Unlike the marc, The Fine de Bourgogne comes from the distillation of the white wine lees, and the resulting alcohol is smoother. But, like the marc, it needs at least fifteen years’ ageing..
The chef : Serge Ripert from the Potin Gourmand in Cluny, Burgundy, has chosen to use the Fine de Bourgogne in his dessert: a red fruit and Fine de Bourgogne parfait, shortbread biscuit, gingerbread, and Réunion vanilla ice cream. The intensity of the fruit is emphasised by the Fine, and the gingerbread reflects the aromas of spices and dried fruits that come with are expressed in the well-aged Fine.
More information on www.potingourmand.com.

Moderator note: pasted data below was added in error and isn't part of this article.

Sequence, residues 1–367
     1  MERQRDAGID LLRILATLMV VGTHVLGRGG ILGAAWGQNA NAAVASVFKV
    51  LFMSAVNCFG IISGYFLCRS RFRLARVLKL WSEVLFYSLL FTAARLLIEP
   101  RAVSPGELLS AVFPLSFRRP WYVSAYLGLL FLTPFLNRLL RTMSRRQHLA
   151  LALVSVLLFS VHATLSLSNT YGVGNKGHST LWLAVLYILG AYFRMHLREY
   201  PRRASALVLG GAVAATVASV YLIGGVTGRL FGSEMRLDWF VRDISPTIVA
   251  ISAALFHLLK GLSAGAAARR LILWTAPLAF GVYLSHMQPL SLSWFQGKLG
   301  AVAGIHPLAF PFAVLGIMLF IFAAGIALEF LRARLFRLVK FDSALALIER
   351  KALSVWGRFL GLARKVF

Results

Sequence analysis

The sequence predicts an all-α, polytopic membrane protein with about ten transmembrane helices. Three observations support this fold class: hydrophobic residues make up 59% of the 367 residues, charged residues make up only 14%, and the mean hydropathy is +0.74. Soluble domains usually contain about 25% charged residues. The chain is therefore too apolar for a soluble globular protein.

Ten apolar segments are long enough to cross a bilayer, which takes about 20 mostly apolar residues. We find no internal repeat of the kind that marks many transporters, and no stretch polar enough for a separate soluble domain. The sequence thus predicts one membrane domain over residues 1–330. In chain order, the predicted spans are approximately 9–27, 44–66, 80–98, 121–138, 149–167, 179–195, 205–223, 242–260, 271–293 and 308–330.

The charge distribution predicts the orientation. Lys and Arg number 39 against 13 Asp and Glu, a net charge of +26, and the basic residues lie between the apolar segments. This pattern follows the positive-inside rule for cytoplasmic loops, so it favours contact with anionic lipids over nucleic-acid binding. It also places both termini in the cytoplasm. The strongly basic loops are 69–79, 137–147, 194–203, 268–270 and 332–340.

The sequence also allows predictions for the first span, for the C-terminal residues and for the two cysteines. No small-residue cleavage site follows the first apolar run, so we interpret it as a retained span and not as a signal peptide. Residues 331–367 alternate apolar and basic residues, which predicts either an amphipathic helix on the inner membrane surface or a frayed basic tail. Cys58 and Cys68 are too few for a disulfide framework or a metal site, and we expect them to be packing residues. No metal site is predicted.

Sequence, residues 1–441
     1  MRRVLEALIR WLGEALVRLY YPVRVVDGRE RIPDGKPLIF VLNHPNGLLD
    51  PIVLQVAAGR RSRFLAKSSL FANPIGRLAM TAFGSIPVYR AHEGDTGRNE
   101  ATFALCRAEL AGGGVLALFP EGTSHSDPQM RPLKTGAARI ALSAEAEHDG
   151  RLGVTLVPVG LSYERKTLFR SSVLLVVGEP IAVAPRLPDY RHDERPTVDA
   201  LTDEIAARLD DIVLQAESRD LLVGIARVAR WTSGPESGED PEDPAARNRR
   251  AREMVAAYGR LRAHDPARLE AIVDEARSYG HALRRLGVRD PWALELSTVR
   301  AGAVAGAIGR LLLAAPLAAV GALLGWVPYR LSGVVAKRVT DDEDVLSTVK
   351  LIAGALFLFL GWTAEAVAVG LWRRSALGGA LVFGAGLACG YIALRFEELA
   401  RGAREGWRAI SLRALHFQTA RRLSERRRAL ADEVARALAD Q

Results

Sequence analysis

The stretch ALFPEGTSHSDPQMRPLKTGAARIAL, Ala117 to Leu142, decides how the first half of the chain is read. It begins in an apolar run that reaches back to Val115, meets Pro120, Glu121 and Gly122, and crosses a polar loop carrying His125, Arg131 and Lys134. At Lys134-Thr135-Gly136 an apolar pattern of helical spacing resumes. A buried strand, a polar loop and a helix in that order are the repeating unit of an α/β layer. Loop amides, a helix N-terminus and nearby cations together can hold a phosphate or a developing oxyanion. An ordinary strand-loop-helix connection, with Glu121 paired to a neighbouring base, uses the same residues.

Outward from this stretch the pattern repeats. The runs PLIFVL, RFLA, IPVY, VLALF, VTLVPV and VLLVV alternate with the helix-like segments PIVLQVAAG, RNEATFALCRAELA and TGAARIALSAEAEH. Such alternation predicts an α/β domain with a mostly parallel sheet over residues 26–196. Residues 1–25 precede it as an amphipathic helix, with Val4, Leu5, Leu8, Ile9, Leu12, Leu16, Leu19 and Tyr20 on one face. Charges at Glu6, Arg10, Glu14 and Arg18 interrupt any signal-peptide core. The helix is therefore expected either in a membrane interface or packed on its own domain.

The Fine de Bourgogne has become a rarity because many wine makers clarify their wines during vinification. The quantity and quality of the deposit formed is thus much lower. In addition, it often has a higher level of sulphites in it due to the maturing process, and this clouds the alcohol during distillation. We use very little sulphite during vinification, which allows us to distill the deposit and produce a very flavourful Fine, particularly after 15 years of ageing.